There was, in fact, a brief period of time in recent history called “busing.” Mind you busing didn’t get into full swing until the 1970s - a full decade and a half after the ruling. This flash in the pan of history was considered by most European Americans as “forced” busing. It was not uncommon to hear those folks say “we don’t want those N’s in OUR schools” or “Near OUR daughter”, or “watering down OUR education.” And then began to create their own private schools. This was in the late 1960s and was appropriately called “White flight” And it wasn’t just the South. See I was in high school during the busing era in Boston. I recall having bricks thrown at my bus. Being called a nigger as we drove to sporting events on Roslindale, South and East Boston. I was a teenager. I didn’t want anything but an education. I really didn’t care if I sat next to a European American or Native American or ANY other group. I just wanted to learn.
Consider today more than 90% of school teachers are female. And in most cities over 80+% are European Americans. The teacher’s sole purpose is to engage, excite, and teach students. Unfortunately for most teachers in the 70’s, as today, where not/ are not taught in their academic training programs how to create relationships with kids who come from different racial, ethnic, and economic backgrounds.
Brown v. Board was the outcome of more than 20 years of research and test cases first at the University level all conducted by Charles Hamilton Houston and his great legal mind and scholars. Its culmination was Brown v. Board of Education he didn’t live to see one of his greatest students And later Supreme Court Justice Thurgood Marshall bring it home.
That 1954 decision wasn’t enforced until the 70s and just 18 years after national busing began (1988-90) the country saw its smallest gaps in achievement between all students. That was the real Raison d’être of Brown. And believe it or not European American children’s grades didn’t fall.
Then for no other reason than Americans taking their eye off the ball and proclaiming we don’t need mandatory busing any longer the divides and divisions began to show.
In the early 1990s author Johnathan Kozol reported in this book “Savage Inequalities” about the Dilapidated schools conditions that many children of color had to attend. Twenty years later Kozol’s sequel “Shame of the Nation: Apartheid Schooling in America” again calls our attention to how far in the wrong direction this rich Nation has gone when he says and the data beat this out: That we are nearly as segregated today as we were in the year before the Brown versus Board of Education decision.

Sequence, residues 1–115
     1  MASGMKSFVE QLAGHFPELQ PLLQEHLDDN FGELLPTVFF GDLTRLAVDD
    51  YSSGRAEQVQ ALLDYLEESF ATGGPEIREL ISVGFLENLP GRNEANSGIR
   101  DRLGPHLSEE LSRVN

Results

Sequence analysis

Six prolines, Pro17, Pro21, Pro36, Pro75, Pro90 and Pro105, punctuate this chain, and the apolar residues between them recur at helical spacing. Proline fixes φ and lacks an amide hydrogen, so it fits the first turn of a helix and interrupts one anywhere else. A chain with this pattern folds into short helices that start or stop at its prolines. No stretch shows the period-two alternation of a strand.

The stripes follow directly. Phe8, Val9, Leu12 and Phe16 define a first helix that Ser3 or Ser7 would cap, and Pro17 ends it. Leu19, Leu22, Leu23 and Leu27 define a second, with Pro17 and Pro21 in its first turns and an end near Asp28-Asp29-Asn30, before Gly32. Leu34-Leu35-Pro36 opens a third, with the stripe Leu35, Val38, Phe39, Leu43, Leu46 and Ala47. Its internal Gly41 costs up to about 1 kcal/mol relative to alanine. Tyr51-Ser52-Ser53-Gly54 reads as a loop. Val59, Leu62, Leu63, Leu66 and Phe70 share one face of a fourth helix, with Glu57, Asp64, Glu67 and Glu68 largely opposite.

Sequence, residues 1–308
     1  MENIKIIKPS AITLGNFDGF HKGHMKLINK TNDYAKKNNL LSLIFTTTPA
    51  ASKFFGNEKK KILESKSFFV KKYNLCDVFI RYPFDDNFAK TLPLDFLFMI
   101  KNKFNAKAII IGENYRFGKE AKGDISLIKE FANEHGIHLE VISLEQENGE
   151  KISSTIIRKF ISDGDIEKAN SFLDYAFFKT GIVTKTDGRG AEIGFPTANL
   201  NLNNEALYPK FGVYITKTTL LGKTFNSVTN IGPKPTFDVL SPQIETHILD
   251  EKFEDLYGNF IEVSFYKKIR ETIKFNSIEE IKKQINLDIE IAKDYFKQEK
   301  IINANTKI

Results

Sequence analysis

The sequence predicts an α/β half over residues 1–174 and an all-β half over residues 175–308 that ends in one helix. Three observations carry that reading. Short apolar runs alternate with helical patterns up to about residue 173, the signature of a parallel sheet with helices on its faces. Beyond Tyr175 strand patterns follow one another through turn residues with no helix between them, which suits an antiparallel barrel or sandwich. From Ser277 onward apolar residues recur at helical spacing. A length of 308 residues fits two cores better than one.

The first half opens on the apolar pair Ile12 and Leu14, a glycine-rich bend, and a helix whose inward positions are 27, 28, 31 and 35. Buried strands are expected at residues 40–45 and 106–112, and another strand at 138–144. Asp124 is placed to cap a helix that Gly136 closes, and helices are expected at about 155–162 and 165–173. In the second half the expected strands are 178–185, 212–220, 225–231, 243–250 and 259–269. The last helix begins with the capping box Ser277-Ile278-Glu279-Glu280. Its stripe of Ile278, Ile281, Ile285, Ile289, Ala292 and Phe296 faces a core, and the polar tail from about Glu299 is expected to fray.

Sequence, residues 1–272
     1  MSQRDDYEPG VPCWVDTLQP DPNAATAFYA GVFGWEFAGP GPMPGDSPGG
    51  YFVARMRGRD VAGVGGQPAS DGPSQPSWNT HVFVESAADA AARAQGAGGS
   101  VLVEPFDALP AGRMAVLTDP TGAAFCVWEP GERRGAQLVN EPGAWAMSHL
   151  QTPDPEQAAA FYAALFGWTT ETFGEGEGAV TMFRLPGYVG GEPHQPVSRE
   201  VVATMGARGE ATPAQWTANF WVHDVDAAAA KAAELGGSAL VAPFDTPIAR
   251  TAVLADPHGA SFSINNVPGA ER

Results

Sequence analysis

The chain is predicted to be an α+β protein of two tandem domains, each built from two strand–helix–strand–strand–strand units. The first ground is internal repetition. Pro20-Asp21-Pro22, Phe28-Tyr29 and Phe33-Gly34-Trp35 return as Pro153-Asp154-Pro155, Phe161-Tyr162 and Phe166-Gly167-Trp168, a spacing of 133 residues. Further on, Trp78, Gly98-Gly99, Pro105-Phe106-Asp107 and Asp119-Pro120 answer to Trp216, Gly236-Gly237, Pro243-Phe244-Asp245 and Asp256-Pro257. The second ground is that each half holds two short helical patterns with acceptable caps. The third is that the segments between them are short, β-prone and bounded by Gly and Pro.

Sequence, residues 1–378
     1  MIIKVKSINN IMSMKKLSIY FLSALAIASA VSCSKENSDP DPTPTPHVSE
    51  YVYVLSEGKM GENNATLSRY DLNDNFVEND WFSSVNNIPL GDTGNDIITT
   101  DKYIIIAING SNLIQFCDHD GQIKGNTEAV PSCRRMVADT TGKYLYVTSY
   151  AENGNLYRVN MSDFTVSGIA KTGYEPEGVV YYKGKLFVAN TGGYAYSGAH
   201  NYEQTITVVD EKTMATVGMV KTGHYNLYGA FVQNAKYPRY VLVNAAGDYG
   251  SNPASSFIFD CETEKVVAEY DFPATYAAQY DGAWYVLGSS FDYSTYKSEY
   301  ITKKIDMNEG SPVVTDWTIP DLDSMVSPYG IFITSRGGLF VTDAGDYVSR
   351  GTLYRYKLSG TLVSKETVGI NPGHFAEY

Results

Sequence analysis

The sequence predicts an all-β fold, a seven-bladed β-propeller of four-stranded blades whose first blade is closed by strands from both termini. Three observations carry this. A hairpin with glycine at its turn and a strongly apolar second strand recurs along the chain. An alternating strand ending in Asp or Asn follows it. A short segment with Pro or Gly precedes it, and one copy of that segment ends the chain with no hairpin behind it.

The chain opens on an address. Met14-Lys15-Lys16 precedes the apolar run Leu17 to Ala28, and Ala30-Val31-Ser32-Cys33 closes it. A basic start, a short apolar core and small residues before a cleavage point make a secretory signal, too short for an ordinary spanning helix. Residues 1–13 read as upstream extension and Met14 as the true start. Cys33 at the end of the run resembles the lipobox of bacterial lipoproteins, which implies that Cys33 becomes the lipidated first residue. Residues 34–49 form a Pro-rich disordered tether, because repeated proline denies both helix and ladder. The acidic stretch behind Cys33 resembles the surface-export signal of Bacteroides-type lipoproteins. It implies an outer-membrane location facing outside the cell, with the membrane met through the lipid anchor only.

So the landmark decision was a righteous one. The implementation, the fighting, the “Segregation now Segregation forever” manta is what came before Brown, It fought against Brown, and lives in the scared, narrow, racist hearts of too many today.
This is a Nation of immigrants who stole and killed the indigenous population in the process. It enslaved men women and children for centuries. It grew strong on the backs the this generations children’s great- great-grandparents, great-grandparents, grandparents, and now feels overburdened because the parents of these children want equity, and happiness for their children. Some real self reflection is what is needed. As one of my favorite philosophers said. And I am paraphrasing him here. When you tuck your child into bed tonight. Be thankful for their toes, fingers, and health. Whisper I love you in their ear. Give them a big hug and a kiss on the forehead. And before you turn off the light image they where Black or another beautiful child of color. Wanna truly make America great? Invest more in education than in war. Invest more in training children to be productive members of society not members of gangs and prisons. Equity now equity forevermore!!

Snow Parrott

Self-contained special education classrooms provide segregated spaces for kids with disabilities to be separated from their typical peers, despite Brown vs Board of Education and the Least Restrictive Environment (LRE) in the federal law Individuals with Disabilities Education Act (IDEA).

Stay Informed